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Thanks SO much for your input...it's great to hang out with smart people
My husband will be SO happy with your comments! I'm the one who likes the Viewfinder, and he's been totally against it. But that's ok--we love our little 189FBS. The only real reason we're thinking of selling is because of the wall-to-wall bed. We're getting too old to "crawl over" anymore. Our 2nd choice is the FF 210WBS which I don't think is that much heavier that what we have now, and that might be our new direction. Thanks again, you just might've saved our lives ~
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Old 03-26-2011, 09:19 AM   #4
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I think the 210WBS would be an excellent alternative (I know we love our '08 ). Mid-kitchen, good balance and a tongue weight that you and your 4Runner will be much more comfortable with. In fact, we travel with the three cats for months at a time and I have to pack the bulk of their canned cat food in the front compartment to keep my tongue weight up (I have a Sherline tongue weight scale to check my loading before heading out). We mount two bikes on the back and if I put all the cans in the pantry in the rear bathroom, it makes the tongue weight too light for our total weight...I try and keep the tongue weight on ours to around 12% (~650 lbs in our "2 months loading") for best towing. Coupled with the Equal-i-zer weight distribution hitch, 12% keeps the trailer cool, calm and collected behind the Jeep.



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2014 Thor Tuscany 40RX DP
2011 Ram 2500 Longhorn CTD HO
2011 Keystone Cougar 318SAB (now gone)
2008 FunFinder X 210WBS (Sadly gone)
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Old 03-26-2011, 01:05 PM   #5
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I find that my Viewfinder tows very well. Although it might have a little higher percentage of the trailer's weight on the hitch than your current trailer, the Viewfinder that you are interested in should tow just fine with a WD hitch. My trailer has the fresh water tank behind the axles so I can lower my hitch weight by filling that tank if I wish to but I have never felt the need to. The V nose and narrow profile of the trailer make a large difference in the amount of wind restance that we experience compaired to the 26' Wilderness that we used to tow. Many people discount this as not important until they actually experience it.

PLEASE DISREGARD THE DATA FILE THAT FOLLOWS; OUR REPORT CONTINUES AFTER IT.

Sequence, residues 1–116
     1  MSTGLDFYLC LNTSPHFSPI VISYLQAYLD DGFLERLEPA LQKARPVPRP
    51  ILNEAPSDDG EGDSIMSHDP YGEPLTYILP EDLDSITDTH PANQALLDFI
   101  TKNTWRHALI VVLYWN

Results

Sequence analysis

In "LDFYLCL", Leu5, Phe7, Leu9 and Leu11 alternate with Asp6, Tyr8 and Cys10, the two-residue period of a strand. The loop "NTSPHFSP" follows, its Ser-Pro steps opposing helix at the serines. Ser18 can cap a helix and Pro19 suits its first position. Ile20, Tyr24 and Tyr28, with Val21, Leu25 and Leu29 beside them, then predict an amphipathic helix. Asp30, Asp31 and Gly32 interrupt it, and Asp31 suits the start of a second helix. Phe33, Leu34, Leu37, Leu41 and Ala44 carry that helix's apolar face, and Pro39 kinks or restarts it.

What ever you decision, enjoy.
Al
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Old 03-26-2011, 11:51 PM   #6
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Thanks again for all the comments regarding towing a Viewfinder...it'll be quite awhile before we can upgrade to a different camper, but it's always a good idea to be prepared with the knowledge to make the right decision. BTW-we have 4 cats, 3 being mouthy Siamesers and as much as I love them, I can't even imagine traveling with them. They are way too bossy.
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Old 03-27-2011, 11:26 AM   #7
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Our cats have always traveled with us... We are exceptions to the rule with regards to traveling with cats. From talking to friends and folks on the road, most think cats don't travel well and certainly not as well as dogs, but, we're fortunate in that regard; ours love to travel with us. That's why our trailer is nicknamed the "Cat House"

Always amusing when we stop to gas up, the remarks we get from folks around us... "Look, there's a kitty in the window (when we stop, Rags like to get on the dash), and look there! There's another kitty in the middle, GEEZ!, there's another cat in the back! Hey Mister, how many cats you got in there!!!!?????"



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My 2 cents, your mileage may vary...

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2 Cats; J-Lo and Ragamuffin :R

2014 Thor Tuscany 40RX DP
2011 Ram 2500 Longhorn CTD HO
2011 Keystone Cougar 318SAB (now gone)
2008 FunFinder X 210WBS (Sadly gone)
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Old 04-25-2011, 03:19 PM   #8
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Air bags may also offer a solution.